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Timeform - Battaash is as good as Vain

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3blindmice View Drop Down
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Post Options Post Options   Thanks (0) Thanks(0)   Quote 3blindmice Quote  Post ReplyReply Direct Link To This Post Posted: 25 Aug 2018 at 2:27pm
"Superstar" after 1 G1 win in France. Says it all really.
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Post Options Post Options   Thanks (0) Thanks(0)   Quote djebel Quote  Post ReplyReply Direct Link To This Post Posted: 25 Aug 2018 at 2:30pm
Originally posted by 3blindmice 3blindmice wrote:

"Superstar" after 1 G1 win in France. Says it all really.

I know a few superstars that have never won a group 1.

To be dismissive of 1 group 1 win shows how much disrespect we have for high level horse racing. 




STRIKE WHILST THE IRON IS HOT

reductio ad absurdum

The richest man is not he who has the most, but he who needs the least.

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Post Options Post Options   Thanks (0) Thanks(0)   Quote Tlazolteotl Quote  Post ReplyReply Direct Link To This Post Posted: 25 Aug 2018 at 2:38pm
Originally posted by djebel djebel wrote:

Originally posted by 3blindmice 3blindmice wrote:

"Superstar" after 1 G1 win in France. Says it all really.

I know a few superstars that have never won a group 1.

To be dismissive of 1 group 1 win shows how much disrespect we have for high level horse racing. 




Define superstar?Shocked
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Post Options Post Options   Thanks (0) Thanks(0)   Quote djebel Quote  Post ReplyReply Direct Link To This Post Posted: 25 Aug 2018 at 2:41pm
A bloody good racehorse. 


STRIKE WHILST THE IRON IS HOT

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The richest man is not he who has the most, but he who needs the least.

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Post Options Post Options   Thanks (0) Thanks(0)   Quote djebel Quote  Post ReplyReply Direct Link To This Post Posted: 25 Aug 2018 at 2:43pm
Bataash has incredible ability, However he is very quirky and unreliable. I am sure Timeform will add one of their squiggles indicating ungenuine or unreliable. 


STRIKE WHILST THE IRON IS HOT

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The richest man is not he who has the most, but he who needs the least.

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Post Options Post Options   Thanks (0) Thanks(0)   Quote djebel Quote  Post ReplyReply Direct Link To This Post Posted: 25 Aug 2018 at 2:45pm
By Simon Rowlands — published 24th June 2014

Simon Rowlands analyses the numbers behind the symbol, and how they could alter your betting for the better.

Over the decades, Timeform has been inadvertently responsible for altering some aspects of the racing lexicon, for better or worse.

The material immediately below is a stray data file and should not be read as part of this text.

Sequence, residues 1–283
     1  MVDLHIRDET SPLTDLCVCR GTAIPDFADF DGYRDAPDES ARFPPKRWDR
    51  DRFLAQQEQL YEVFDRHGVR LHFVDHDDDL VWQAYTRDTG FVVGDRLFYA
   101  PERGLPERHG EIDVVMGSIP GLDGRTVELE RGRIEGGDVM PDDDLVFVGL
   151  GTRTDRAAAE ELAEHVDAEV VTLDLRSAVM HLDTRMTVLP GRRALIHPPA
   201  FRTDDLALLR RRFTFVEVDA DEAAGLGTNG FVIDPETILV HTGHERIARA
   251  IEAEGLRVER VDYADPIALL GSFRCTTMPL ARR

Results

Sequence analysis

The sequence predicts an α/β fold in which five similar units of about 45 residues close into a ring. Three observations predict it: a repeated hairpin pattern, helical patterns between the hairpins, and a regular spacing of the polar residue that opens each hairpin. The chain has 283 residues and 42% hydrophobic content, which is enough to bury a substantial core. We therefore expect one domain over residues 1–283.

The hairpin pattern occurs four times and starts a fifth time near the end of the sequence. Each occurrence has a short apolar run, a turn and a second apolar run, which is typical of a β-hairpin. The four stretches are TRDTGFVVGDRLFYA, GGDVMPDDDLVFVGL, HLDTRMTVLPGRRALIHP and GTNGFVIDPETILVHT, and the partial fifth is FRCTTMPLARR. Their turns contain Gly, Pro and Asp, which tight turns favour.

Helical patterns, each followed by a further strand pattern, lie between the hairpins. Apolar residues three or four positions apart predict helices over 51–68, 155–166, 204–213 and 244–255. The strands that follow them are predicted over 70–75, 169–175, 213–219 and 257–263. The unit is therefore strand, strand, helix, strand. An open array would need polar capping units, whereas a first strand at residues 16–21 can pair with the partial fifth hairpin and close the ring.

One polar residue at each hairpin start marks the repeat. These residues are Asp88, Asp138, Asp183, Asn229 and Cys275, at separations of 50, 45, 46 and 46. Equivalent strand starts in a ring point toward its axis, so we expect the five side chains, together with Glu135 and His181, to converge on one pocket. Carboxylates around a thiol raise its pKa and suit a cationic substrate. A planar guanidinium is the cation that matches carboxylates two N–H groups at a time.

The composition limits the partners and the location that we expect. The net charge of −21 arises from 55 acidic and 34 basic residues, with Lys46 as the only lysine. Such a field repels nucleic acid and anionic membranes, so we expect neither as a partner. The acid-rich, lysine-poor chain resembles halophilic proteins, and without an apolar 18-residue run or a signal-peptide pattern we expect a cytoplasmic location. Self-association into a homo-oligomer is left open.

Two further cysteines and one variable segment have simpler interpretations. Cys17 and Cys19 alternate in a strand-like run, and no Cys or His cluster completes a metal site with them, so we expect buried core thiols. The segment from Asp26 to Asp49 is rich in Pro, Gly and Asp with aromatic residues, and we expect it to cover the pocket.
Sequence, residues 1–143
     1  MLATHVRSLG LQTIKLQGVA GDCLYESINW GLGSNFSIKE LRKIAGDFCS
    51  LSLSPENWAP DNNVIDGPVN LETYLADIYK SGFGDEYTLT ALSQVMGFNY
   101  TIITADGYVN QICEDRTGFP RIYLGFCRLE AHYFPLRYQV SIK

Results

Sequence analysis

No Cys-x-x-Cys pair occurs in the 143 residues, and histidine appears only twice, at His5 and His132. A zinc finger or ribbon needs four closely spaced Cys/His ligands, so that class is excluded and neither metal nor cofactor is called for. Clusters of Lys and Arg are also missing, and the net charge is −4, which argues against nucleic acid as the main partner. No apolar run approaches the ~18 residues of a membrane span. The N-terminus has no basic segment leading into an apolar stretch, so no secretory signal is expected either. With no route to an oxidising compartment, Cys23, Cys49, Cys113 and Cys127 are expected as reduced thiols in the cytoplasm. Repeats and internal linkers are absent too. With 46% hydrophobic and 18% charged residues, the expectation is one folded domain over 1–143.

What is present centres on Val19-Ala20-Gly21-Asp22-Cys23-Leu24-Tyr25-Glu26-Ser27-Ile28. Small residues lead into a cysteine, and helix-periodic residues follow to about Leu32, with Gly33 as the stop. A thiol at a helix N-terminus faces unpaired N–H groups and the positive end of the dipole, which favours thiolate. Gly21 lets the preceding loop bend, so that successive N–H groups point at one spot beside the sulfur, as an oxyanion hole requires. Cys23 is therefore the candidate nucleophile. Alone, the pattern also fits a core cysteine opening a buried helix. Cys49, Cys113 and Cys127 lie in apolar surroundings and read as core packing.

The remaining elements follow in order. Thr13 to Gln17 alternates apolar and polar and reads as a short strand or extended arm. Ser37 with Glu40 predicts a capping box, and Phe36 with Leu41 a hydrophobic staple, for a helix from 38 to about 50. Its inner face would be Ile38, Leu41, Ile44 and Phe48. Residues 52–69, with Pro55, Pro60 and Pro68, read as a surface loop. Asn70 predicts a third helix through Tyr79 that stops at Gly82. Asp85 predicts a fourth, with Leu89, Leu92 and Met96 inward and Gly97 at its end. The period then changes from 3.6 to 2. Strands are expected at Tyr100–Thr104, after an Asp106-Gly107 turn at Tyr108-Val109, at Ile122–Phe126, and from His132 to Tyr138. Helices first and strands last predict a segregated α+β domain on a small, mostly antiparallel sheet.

There is the Timeform “p” (indicating the likelihood of improvement on a rating) and "large P” (indicating the likelihood of considerable improvement, or considerable disappointment, depending on the outcome), the use of the word “penultimate” in a largely non-ironic setting, and a predilection for a frequent-overuse-of-hyphen style seen nowhere else in the English-speaking world.

Perhaps the most famous, or infamous, example of this contribution to the common parlance is the “Timeform squiggle”. Or, in racing vernacular, “The Dreaded Timeform Squiggle”.

Early editions of Timeform’s Racehorses annuals backed up a “§” (squiggle) attached to a horse’s rating with some inflammatory language, such as “an arrant rogue” and “refuses to do his best”.

That was all a bit subjective, not to say potentially litigious, even though, as Timeform’s founder Phil Bullobserved, “you can’t libel a horse, brother”.

The definition of a squiggle was changed about 20 years ago to “unreliable (for temperamental or other reasons)”. Timeform is primarily concerned with effects – not their causes – then: a squiggle indicates unpredictability, not what causes that unpredictability.

There have been some notable recipients of the Timeform squiggle over the years, including Cheltenham Gold Cup winner Bregawn, King George VI and Queen Elizabeth Stakes runners-up Norse Dancer and Papal Bull, Champion Hurdle second Harchibald and top-class jumper Tidal Bay (“a reformed character”, or “we got it wrong”: either way, he no longer has a squiggle).

This may all seem rather academic for a blog which usually aims to look ahead, not back. So, in an attempt to justify my reputation as “the man who puts the anal into analysis”, I investigated the incidence of squiggle horses by-sire, the idea being that a high or low incidence should guide as to how little or how much to trust the offspring of such sires, especially when little else is known about the offspring in question.